European states are debating the war in Gaza as a foreign policy crisis with little direct connection to the internal workings of the EU. Yet as the conflict continues to escalate, the efforts by Brussels to keep the horror engulfing Gaza and Israel at arm’s length from the EU are unlikely to remain sustainable for long.
Largely absent from the conversation about Israel’s military offensive in Gaza is the question of whether or not Israel is using inherently indiscriminate means and methods of warfare. If so, even if any resulting deaths might be arguably “proportionate” and “incidental,” they could still be considered war crimes.
The ongoing war in Gaza will undoubtedly and permanently alter the relationship between Israel and Hamas as well as between Israelis and Palestinians. But despite what some observers are predicting, the Israel-Hamas war will do little to change the international system more generally or U.S. grand strategy more specifically.
Opposition forces fighting against Myanmar’s military junta had been making progress in recent months, but on Oct. 27 they crossed a threshold, dealing a powerful blow to government forces and putting the regime on the defensive. The offensive in Myanmar’s eastern-most Shan state could be a turning point in the country’s civil war.
Against the backdrop of the Israel-Hamas war, Israel’s Arab partners have faced pressure from their fiercely pro-Palestinian populations to address Gaza’s plight. Crucially however, they have also gravitated to the U.S. for security assurances amid fears of regional flare-ups and tensions with Iranian allies across the region.
If there is one thing the U.S. does better and more of than any other country, it is spend money on defense. U.S. defense spending, currently over $800 billion, is greater than the next 10 countries combined. Somewhat paradoxically, however, the massive level of U.S. defense spending isn’t enough. How is that possible?
In September, Iran successfully placed an imaging satellite into orbit. But instead of showcasing a true breakthrough for Iran’s space program, the launch highlighted the enduring technological challenges that the program faces as well as Tehran’s continued inability to place militarily useful satellites into orbit.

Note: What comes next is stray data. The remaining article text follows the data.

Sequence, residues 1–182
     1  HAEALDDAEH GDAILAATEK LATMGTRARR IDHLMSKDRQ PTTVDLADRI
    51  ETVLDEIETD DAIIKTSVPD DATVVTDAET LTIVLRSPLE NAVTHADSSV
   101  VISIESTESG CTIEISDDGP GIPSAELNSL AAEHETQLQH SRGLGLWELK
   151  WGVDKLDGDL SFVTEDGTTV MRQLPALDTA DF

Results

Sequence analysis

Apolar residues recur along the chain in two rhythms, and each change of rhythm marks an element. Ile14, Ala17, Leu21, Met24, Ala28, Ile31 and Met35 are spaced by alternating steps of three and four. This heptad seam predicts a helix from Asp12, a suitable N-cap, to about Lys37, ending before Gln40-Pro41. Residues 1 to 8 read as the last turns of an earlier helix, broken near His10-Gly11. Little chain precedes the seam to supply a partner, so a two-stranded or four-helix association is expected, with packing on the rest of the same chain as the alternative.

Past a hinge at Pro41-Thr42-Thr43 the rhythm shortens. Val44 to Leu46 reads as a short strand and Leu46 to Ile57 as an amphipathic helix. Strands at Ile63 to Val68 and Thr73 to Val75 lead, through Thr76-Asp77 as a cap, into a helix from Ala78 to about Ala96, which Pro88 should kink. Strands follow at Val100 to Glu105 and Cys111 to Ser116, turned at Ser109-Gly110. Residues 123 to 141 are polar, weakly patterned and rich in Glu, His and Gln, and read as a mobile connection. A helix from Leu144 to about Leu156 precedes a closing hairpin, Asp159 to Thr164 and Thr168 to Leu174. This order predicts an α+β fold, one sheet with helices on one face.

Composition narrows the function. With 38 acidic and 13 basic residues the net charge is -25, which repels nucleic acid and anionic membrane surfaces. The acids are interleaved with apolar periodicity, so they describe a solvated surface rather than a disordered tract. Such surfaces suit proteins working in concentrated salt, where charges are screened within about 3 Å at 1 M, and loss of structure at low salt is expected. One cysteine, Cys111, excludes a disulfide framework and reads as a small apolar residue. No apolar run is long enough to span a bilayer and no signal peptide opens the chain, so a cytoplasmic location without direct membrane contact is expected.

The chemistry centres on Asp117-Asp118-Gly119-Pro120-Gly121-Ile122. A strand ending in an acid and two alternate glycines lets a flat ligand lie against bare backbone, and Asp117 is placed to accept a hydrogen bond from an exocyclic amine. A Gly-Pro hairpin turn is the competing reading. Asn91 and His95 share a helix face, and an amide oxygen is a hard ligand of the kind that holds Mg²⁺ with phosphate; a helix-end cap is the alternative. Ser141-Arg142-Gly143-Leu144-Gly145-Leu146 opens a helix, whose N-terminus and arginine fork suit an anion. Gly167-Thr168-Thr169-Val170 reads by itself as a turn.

In an information landscape where social media-driven news cycles often burn out in a day, engaging with the public responsibly over months and years has become one of the most difficult challenges that governments face. Yet this is what Kyiv must do as it becomes clear that the war in Ukraine will continue for the foreseeable future.
The atrocities accompanying the Israel-Hamas conflict have led many observers to ask if it makes sense to speak about the laws of war when armed actors seem only too willing to ignore them. But to say that the laws of war are ineffective is to misunderstand how they are meant to work—and do work—even when they seem to be ignored.
The carnage unfolding in Israel and Gaza makes clear that the status quo there is not sustainable, and even a two-state solution could be untenable. Instead, there is a need for a bolder approach: a three- or even four-state solution. Why should Israel adopt one of these multistate solutions? Because it is in its interest to do so.
The Sudanese armed forces have now lost control of Sudan’s two biggest cities while feeding the public a false sense of hope. In contrast, the paramilitary Rapid Support Forces, or RSF, has sold the narrative abroad that its forces are waging a righteous crusade on behalf of the very Sudanese population it terrorizes.